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Boost for endangered black rhino species as two are born in Tsavo National Park, Kenya

By September 10, 2019Conservation, Rescue and rehab

Asher Omondi, Tuko | September 7, 2019

Read the original story here

Kenyan and international wildlife conservationists are celebrating the birth of two newborn black rhinos in Ngulia Rhino Sanctuary in Tsavo West National Park. The identity of the new mothers was not immediately established but the game rangers were glad to share their photos with their young ones at a watering point.

Elsewhere, another female rhino named Salio is also nursing her three-day-old baby. Salio was rescued as an orphan and brought to the Kenya Wildlife Service (KWS) partner Sheldrick Wildlife Trust orphanage and later released to the wild.

International Union for Conservation and Nature listed black rhinos as endangered species with a declining population at 98 % since 1960.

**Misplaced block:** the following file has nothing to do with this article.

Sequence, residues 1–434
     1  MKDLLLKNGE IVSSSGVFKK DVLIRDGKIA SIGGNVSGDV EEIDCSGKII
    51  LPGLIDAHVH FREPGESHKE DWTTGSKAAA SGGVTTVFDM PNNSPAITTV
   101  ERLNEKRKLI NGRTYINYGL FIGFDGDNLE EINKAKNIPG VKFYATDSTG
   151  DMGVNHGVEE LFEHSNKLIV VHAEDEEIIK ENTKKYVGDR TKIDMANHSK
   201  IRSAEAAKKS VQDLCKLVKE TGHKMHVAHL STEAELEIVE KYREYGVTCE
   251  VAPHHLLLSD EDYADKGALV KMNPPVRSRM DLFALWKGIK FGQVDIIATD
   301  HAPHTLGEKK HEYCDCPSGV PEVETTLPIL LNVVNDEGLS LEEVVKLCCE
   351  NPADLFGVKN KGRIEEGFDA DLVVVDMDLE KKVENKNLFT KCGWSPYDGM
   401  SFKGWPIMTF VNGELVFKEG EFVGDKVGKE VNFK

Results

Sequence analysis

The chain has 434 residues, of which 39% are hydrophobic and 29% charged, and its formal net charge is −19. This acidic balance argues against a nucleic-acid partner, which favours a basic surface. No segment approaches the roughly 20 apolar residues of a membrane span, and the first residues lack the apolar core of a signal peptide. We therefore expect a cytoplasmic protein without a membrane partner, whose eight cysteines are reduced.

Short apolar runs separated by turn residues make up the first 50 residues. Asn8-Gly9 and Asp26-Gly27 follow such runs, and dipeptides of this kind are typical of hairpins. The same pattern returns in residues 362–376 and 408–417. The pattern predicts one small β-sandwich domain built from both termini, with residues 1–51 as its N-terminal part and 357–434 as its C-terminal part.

Original photo as published by Tuko: New mother and her baby at a watering point. (Photo: Kenya Wildlife Service, Facebook)

In 1995, Kenya recorded 2,410 black rhinos. Despite a government ban on poaching and multi-sectoral conservation efforts, mysterious deaths have dogged rhino population in Kenya.

In 2018, Tourism Cabinet Secretary Najib Balala came under fire following the death of seven rhinos with missing carcasses and horns. The government had transferred 14 of them from both Nairobi and Lake Nakuru national parks to Tsavo East National Park where they reportedly met their mysterious deaths. Kenya registered only 52 rhino births in the same year.